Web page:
Overcrowding in the nation’s cemeteries
Prior to the 18th century, burial customs in America were markedly practical, and austere in their simplicity. Reflecting the commonly held view of death as little more than an inevitability, early settlers buried their dead in communal burying grounds or churchyards with little ceremony or commemoration of the deceased. However, by the early Victorian era, redefined notions of salvation had reinvigorated interest in the state of the soul after death. In addition, urban population expansion had risen to a point where existing burying grounds and churchyards proved insufficient in meeting the burial needs of the population. Such was the condition of overcrowding that it was not uncommon for undertakers to stack graves upon each other, to the extent that burial mounds often appeared to rise well above street level. Similarly, the exhumation and removal of older corpses to make room for more recent deaths was not uncommon in community efforts to meet the spatial demands of population growth.
The birth of the American “rural” cemetery
As the 19th-century progressed Americans, in keeping with similar developments in Europe, began raising concerns about the nature of the cemetery and its purpose and meaning for both the living and dead. Inspired by the themes of art, nature, and death, and coupled with a growing sense of national identity, it was believed that a cemetery should serve a larger role than simply a place of interment. It was these logical, ideological, and aesthetic concerns that led to the development of what became known as the American “rural” cemetery movement.
The movement manifested itself in the establishment of large cemeteries on the outskirts of major towns and cities. Natural features like ponds and forests were domesticated and incorporated into cemetery designs, complete with added roads and paths for visitors. It was hoped that by such efforts, cemeteries would no longer be confined to the realm of death, but serve to equally benefit the living. As such, the striking natural features and accompanying mausoleums, artwork, and sculptures that characterized the rural cemeteries of the Victorian era were to collectively act as a “vast temple to the transcendent being where the visitor senses the eminence of God in nature.”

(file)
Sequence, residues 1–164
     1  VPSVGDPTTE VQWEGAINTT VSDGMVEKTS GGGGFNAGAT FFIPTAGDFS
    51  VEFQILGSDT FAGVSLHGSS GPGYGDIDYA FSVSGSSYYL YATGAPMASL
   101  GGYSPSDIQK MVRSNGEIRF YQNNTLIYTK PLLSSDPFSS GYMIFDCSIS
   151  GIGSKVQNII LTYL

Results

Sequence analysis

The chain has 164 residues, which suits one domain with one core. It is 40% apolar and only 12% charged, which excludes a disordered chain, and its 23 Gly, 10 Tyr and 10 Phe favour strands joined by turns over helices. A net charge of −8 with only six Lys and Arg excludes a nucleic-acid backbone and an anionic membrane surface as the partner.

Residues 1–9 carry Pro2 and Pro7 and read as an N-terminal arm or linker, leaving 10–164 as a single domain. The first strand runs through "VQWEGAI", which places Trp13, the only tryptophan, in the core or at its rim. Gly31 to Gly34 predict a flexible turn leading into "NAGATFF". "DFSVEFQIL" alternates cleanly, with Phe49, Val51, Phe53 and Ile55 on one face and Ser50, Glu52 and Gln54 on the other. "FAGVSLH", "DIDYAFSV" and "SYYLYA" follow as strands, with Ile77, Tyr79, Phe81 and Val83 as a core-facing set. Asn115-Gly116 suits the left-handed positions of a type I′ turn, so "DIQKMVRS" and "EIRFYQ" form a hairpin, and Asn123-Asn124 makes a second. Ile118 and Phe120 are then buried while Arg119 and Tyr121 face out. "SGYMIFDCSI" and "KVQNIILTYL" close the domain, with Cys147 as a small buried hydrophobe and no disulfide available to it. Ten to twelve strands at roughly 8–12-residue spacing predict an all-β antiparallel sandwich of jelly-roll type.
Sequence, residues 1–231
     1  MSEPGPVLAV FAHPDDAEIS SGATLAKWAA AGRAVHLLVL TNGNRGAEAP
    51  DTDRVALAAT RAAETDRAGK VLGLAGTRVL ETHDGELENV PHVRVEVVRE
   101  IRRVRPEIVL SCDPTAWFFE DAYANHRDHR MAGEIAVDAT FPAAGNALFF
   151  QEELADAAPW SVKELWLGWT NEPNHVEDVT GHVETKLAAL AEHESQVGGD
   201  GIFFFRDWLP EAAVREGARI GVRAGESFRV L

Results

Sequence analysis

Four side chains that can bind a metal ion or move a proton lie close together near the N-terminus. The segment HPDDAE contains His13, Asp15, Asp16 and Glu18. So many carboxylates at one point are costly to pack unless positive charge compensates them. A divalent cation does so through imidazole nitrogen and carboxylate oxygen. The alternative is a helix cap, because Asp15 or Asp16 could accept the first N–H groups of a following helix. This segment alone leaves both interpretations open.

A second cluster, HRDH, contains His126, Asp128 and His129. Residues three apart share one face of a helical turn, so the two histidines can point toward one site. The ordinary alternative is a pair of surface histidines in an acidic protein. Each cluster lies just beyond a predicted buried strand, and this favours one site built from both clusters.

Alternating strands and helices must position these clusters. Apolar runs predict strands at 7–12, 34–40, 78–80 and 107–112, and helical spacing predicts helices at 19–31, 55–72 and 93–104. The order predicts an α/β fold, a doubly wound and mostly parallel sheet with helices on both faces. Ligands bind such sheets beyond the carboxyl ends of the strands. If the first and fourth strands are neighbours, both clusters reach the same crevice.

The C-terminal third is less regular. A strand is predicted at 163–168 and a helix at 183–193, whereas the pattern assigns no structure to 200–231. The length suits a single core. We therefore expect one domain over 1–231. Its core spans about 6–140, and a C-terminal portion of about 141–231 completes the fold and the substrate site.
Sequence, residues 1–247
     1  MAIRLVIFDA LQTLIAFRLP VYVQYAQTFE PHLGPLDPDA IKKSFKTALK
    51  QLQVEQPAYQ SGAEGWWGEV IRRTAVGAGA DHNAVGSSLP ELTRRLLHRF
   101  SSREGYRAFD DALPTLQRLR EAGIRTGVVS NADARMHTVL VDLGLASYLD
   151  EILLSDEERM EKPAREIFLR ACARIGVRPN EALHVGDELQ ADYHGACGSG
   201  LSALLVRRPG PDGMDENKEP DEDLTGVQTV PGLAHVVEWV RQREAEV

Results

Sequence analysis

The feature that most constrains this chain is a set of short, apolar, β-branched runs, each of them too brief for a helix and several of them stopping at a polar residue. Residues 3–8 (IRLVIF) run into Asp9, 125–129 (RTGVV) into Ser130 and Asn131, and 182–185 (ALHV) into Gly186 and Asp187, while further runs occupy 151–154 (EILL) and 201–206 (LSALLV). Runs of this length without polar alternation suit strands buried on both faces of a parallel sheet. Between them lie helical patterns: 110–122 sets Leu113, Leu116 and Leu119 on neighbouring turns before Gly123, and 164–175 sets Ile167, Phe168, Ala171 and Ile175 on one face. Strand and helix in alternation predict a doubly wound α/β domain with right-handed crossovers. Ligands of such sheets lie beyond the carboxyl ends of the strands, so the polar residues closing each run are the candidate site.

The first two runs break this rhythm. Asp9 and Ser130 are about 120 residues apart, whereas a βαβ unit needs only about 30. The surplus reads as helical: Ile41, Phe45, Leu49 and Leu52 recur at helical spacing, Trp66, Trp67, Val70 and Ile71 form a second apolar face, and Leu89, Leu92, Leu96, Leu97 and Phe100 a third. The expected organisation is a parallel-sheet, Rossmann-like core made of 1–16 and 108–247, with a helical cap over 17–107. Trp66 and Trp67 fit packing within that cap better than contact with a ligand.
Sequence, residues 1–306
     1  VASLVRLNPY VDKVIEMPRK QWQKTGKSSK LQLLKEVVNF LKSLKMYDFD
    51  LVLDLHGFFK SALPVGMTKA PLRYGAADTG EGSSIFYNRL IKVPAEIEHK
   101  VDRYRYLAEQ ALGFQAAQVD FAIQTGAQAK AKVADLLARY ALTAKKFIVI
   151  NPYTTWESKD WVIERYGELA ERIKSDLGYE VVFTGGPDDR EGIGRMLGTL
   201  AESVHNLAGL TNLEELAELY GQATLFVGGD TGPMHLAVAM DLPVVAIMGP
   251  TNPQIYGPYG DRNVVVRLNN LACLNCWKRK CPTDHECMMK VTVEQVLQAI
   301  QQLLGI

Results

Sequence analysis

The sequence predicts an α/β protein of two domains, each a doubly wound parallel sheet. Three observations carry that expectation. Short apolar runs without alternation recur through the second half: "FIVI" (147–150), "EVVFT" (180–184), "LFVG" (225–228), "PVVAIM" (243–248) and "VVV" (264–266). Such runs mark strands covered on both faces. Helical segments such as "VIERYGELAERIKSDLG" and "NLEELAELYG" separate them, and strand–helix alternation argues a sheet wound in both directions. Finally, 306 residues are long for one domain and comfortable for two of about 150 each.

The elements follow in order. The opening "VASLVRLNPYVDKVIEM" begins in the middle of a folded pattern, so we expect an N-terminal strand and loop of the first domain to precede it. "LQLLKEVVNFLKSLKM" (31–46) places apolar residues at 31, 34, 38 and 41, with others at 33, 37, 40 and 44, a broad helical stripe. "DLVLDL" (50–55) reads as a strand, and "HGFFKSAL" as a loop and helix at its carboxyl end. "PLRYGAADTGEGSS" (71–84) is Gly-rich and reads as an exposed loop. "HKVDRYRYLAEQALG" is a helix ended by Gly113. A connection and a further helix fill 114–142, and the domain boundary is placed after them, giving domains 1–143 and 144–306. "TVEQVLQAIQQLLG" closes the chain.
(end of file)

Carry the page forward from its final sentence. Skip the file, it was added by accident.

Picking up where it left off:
The establishment of Cedar Hill
In September of 1865, construction began on Hartford’s first rural cemetery, on the outskirts of the city’s south end. Two summers prior, a group of prominent Hartford citizens had expressed the desire to establish a new place of burial that would meet the emerging practical and aesthetic requirements of the era. In time, the chosen landscape would not only play a significant role in American cemetery development, but also serve as the final resting place of many notable Americans. Amongst such are the poet Wallace Stevens, inventor Samuel Colt, actress Katherine Hepburn, billionaire financier and banker J.P. Morgan, Abraham Lincoln’s Secretary of the Navy, Gideon Welles, and the exiled social reformer and first Chinese student to graduate from a U.S. university, Yung Wing.
Cedar Hill Today
Founded in 1999, the Cedar Hill Cemetery Foundation’s mission is to “preserve, protect and promote in perpetuity the art, culture, history and natural beauty” of this nationally recognized historical burial ground. In addition to preservation and restoration of the grounds, the Foundation aims to raise historical awareness through various lectures and public events throughout the year. This summer’s events will culminate in Cedar Hill’s 150th Anniversary, which will uniquely showcase various elements of Victorian culture.
Upcoming featured events:
Saturday, July 19, 10:00 a.m. Mark Twain’s Companions & Cohorts
One of Hartford’s most famous former residents, Samuel Clemens, a.k.a. Mark Twain, is laid to rest in Elmira, New York. However, many of his Hartford contemporaries were laid to rest in Cedar Hill. Join popular guide Steve Courtney as he relays stories of Twain’s life, while highlighting the final resting places of his many friends, neighbors, and colleagues.
Friday, July 25, 6:00 p.m. Music Among the Memorials featuring Stacy Phillips & Paul Howard
Grammy award-winning fiddler Stacy Phillips and world-class guitarist and vocalist Paul Howard headline what is sure to be an enjoyable evening of music. Attendees are encouraged to bring blankets, chairs, and picnic dinners.
Thursday, August 14, 6:30-8:00 p.m. Cedar Hill Sunset Tour
Cedar Hill Cemetery Foundation Director Beverly Lucas will lead visitors through the cemetery’s historic memorial grounds, highlighting some of its most notable residents and monuments.
Saturday, September 13, 10:00 a.m.-5:00 p.m. Beyond the Gates
Join in the celebration of Cedar Hill’s 150th anniversary with an array of Victorian-themed activities, including costumed dramatizations and musical performances. Other entertainment will include songs of the Civil War, displays of Victorian fashions, interactions with famous Cedar Hill residents, and horse and carriage rides on the historic grounds.